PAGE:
Two young passengers on Taiwan's Kaohsiung Metro recently got themselves into trouble for engaging in oral sex on the train.
The action of the Internet pals – he a college sophomore and she a high-school senior – was filmed and posted on Facebook by a Hong Kong tourist.
The video quickly went viral and was shared by tens of thousands on the Internet within 24 hours. The next day it was the front-page story in a local daily and soon after that the pair reported to the police. They are now facing possible legal actions.
The rapid development of the pair’s wrong decision into a major news story in Taiwan highlights again the new reality of a world where cameras are ubiquitous and information spreads like wildfire through social media.
On April 13, an Internet user nicknamed Eason A1 posted on his Facebook page petitioning for “likes”. Eason A1 claimed that he needed to collect 500,000 likes in order to earn the blessing of his girlfriend’s father for their marriage. On his Facebook page, he posted a screen grab of his dialogue with his possible father-in-law via the instant-messaging app Line.
His plea was soon shared through Facebook and re-posted on the popular forum PTT. He achieved the seemingly impossible task in less than a day. The success also made Eason A1 an instant celebrity, and soon his father-in-law to-be felt the need to change his assignment to “lay low”.
Similar harvesting of “likes” has become en vogue recently. People pledge themselves to all kinds of outlandish quests when “likes” hit a certain mark on their Facebook page.
Some pundits attribute this phenomenon to people’s wish to create their own “15 minutes of fame”, while some see it as the pledgers’ lack of independence. One trend missed by commentators, however, is the exponential decline of media cost in the Internet era and the subsequent transfusion of star power from politicians and celebrities to the masses.
As the two Kaohsiung MRT passengers learned, the famous and the powerful are no longer the only ones that are watched in public. The proliferation of smart-phones, surveillance cameras and car-mounted safety cameras means that everyone living in a developed nation can be a potential journalist/paparazzo as well as a potential target.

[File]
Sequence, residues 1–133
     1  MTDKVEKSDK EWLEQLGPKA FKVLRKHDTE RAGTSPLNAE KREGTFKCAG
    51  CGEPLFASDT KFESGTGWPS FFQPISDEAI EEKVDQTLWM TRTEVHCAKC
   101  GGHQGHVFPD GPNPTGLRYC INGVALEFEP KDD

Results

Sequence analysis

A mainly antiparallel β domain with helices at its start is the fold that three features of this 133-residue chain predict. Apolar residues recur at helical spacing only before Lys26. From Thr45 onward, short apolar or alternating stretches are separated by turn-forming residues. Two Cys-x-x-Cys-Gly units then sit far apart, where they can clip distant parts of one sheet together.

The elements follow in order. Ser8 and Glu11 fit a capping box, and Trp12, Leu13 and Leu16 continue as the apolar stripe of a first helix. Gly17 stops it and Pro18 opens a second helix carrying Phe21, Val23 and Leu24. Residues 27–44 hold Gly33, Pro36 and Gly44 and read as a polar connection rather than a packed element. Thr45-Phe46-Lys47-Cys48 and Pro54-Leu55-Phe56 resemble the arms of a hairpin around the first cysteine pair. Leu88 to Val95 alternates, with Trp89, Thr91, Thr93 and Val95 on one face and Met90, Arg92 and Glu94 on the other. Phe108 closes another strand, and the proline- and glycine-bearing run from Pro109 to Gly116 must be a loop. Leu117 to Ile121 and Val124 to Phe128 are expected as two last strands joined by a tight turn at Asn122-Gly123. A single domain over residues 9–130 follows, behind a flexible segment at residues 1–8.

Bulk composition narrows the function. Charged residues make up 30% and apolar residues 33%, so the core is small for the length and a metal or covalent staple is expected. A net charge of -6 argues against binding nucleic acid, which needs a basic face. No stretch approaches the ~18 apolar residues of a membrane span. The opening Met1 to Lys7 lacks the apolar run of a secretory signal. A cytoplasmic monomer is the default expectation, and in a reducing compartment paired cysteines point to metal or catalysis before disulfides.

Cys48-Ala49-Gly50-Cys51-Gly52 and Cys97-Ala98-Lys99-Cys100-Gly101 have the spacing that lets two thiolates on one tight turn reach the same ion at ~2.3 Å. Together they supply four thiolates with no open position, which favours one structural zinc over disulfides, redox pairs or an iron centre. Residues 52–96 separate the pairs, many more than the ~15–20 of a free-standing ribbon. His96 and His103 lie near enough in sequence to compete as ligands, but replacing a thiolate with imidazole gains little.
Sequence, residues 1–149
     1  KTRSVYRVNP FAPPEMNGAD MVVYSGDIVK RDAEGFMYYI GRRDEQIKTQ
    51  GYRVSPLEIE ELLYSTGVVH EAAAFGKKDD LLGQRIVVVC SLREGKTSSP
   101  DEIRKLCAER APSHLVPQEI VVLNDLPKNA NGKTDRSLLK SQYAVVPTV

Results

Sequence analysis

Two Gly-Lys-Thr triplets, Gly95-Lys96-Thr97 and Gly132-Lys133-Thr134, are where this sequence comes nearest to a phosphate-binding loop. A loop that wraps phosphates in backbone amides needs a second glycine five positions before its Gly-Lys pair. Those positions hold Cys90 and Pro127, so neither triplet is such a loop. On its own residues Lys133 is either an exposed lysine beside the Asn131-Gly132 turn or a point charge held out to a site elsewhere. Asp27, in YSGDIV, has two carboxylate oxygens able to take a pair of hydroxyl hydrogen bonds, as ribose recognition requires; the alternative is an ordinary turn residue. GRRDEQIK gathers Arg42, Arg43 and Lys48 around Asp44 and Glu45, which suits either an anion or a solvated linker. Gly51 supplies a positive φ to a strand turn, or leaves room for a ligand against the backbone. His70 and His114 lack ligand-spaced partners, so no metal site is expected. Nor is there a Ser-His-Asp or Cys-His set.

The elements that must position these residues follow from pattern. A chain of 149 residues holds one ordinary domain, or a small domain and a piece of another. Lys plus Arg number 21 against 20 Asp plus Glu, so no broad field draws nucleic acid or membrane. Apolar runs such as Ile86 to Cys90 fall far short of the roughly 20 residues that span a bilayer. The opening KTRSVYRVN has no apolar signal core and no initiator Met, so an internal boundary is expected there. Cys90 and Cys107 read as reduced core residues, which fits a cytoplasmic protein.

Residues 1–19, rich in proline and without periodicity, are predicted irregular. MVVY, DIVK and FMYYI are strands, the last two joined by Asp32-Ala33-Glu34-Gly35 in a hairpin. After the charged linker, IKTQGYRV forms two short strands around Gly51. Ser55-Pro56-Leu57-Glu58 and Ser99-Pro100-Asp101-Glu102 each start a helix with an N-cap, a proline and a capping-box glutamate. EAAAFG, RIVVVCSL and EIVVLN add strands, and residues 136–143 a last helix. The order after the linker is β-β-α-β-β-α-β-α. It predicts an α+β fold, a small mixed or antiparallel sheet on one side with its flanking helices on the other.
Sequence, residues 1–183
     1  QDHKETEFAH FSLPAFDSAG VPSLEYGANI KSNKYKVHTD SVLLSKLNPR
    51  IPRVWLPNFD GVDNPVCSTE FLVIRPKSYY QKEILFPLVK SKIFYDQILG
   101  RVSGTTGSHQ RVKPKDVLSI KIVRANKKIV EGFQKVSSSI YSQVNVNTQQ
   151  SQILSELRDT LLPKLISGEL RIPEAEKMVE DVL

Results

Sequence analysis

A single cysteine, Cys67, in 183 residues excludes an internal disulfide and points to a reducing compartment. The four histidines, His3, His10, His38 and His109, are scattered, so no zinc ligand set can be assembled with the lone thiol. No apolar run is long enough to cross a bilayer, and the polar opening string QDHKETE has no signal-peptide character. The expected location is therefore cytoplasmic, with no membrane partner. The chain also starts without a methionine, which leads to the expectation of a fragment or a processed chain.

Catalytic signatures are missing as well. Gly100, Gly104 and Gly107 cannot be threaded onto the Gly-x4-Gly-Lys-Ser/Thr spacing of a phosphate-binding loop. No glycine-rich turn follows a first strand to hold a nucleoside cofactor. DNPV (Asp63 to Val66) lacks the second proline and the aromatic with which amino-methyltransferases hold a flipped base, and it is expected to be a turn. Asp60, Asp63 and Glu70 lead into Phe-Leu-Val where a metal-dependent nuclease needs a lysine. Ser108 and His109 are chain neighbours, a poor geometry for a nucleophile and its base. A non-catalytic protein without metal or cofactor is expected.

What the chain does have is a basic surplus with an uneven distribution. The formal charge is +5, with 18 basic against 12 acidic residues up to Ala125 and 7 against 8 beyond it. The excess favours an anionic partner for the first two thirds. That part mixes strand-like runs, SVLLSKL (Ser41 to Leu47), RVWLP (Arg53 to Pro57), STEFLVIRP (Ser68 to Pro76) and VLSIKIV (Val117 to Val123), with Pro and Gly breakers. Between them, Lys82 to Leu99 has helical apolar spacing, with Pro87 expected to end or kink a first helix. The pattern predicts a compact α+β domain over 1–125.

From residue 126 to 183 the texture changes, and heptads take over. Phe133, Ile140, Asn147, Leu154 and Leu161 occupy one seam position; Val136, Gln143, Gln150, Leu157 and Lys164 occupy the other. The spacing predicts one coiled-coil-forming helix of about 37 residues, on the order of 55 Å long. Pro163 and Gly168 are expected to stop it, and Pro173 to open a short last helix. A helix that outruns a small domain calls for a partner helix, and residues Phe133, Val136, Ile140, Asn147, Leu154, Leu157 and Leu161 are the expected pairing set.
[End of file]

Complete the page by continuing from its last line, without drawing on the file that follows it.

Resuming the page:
A minute in the spotlight
Like celebrities, people in the social media age see the boundary between their private and public lives blurred. As long as people’s actions exhibit enough skilfulness or humour, cause enough outrage or sympathy – in other words, when they are newsworthy enough – they should expect the fair possibility of their actions being documented.
On the other hand, bloggers and social media users also recognise (at least subconsciously) the star power the Internet has given them.
A comedian once gave an insightful explanation why a lot of people would photo-document their social media page with every meal they have and share it with the world. When one is documenting everyday life for oneself, he said, one is writing a diary, but when one is documenting for the benefit of others, one is writing an autobiography.
The “like” harvesters reveal not the desire to be famous but the realisation that to a degree they already are.
These “Facebook wish-makings” are mobilisation calls not unlike those initiated by politicians and celebrities.
Just as the explosion of smart-phone apps started with silly ones like fart sound makers and the Facebook age with simple applications like social farming games, every advancement in the Internet begins with something trivial and farcical. That does not mean it won’t develop into a world-changing revolution.
People should watch out for the implications of such a revolution – its potential benefits and harms – and help shape the course of its development to one that brings good to the world.